After (just about) a clean fight in the season-opening Bahrain Grand Prix in which Hamilton came out on top, the title rivals banged wheels at the opening chicane of the Emilia Romagna GP at Imola.
Verstappen got the better of that confrontation as he held the lead and Hamilton lost a front-wing end plate on his Mercedes, with the Red Bull driver going on to win by 22 seconds.
The reverse one-two finish from Bahrain left Hamilton, the seven-time World Champion, one point ahead in the standings because he set the fastest lap at the Italian circuit.
However, with many more tussles looking likely over the 21 remaining races scheduled for the 2021 campaign, former F1 driver Palmer expects a rivalry to develop which could resemble the one between Hamilton and his former team-mate Nico Rosberg.
Although he did not suggest it could descend into acrimony, as the Hamilton-Rosberg head-to-head did, Palmer believes neither driver will flinch or yield to the other given what is at stake.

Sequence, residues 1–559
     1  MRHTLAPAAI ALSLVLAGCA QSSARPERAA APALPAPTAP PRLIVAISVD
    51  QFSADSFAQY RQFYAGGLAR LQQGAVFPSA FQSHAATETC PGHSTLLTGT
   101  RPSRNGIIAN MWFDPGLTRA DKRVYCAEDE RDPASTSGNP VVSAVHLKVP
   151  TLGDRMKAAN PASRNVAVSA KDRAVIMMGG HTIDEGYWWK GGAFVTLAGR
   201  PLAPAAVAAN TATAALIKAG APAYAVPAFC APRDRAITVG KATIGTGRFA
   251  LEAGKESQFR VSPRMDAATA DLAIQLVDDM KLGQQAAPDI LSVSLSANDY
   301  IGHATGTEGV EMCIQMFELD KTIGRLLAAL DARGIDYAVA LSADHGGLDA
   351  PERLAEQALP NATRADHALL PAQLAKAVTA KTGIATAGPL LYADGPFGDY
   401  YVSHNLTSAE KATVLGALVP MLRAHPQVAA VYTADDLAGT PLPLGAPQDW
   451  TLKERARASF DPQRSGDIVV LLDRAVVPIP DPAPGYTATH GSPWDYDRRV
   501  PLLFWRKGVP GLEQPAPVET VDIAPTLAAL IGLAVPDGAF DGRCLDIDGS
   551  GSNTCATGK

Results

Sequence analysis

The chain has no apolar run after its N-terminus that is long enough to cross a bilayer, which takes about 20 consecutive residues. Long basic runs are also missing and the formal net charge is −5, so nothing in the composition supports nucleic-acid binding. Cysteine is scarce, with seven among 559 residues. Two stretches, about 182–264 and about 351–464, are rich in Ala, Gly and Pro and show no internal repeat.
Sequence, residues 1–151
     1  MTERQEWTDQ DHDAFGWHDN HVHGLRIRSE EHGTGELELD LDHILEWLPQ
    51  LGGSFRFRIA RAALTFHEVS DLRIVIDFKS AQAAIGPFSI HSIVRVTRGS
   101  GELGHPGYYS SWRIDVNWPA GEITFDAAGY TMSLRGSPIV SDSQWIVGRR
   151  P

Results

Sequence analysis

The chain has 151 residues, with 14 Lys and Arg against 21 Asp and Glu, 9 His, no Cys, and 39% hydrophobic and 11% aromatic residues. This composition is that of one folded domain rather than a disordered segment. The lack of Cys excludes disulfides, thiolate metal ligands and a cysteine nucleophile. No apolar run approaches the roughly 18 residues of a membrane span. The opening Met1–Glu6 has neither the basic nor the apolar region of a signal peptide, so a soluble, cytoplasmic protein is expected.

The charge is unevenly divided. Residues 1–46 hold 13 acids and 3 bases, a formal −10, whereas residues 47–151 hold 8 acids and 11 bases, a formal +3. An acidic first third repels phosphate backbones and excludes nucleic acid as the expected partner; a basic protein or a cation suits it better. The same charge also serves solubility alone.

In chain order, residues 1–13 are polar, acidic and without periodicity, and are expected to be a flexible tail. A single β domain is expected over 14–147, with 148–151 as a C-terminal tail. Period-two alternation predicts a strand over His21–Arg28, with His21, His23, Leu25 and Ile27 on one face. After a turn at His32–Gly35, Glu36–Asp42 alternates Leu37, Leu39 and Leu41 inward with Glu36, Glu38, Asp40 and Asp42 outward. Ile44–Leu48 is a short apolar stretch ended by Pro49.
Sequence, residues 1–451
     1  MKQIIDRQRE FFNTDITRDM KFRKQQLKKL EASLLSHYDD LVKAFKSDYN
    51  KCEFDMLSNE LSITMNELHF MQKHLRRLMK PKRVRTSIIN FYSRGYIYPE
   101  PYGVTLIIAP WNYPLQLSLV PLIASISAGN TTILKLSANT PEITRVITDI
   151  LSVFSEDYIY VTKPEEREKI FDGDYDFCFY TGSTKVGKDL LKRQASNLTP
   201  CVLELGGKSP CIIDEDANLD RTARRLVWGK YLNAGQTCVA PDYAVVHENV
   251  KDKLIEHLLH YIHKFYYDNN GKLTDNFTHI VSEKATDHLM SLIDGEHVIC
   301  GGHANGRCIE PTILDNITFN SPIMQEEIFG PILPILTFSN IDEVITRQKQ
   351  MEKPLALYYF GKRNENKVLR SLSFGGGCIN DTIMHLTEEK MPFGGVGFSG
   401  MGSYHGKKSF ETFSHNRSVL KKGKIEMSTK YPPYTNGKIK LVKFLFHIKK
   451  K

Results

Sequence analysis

“This race [Imola] if anything has absolutely shown us who will be fighting for the championship this year, and when you’re fighting with your rival you can take more risks because if you get it wrong you’re probably going to take both out,” said Palmer during the BBC’s Chequered Flag podcast.
“If you’re fighting your championship rival you can get your elbows out a bit more, be more argy-bargy. It showed the aggression I’m looking forward to seeing over the next 21 races.
“I think Lewis knows this is the title battle of his career. He had them in 2007 and 2008…but okay, the title battle of the decade. He’s not had a challenger as good as Verstappen, maybe since Fernando Alonso in the same team, but that was when he was a rookie. This is a challenger more fierce than Felipe Massa ever was in 2008.
“We harp back to the Rosberg days but they would rather crash with each other than finish behind each other. It’s the same now. That’s the fierce rivalry that’s already been born for this season.
“Hamilton took a risk at the start of the race because he would rather neither of them finished the race, probably, than finish second behind Verstappen.
“That was the thing with Rosberg and Hamilton – better to take chances in 50-50 moments and put your car in the position where you might have a crash if he turns in.
“You might risk a bit of contact here or there. When it’s your rival, you’ve got to do it and I think we’re going to see a crash between them at some point and I don’t know how we didn’t at Imola.”
Palmer also shared his thoughts on the big crash between Valtteri Bottas and George Russell, and, like many others, feels the latter needs to hold himself responsible for the accident.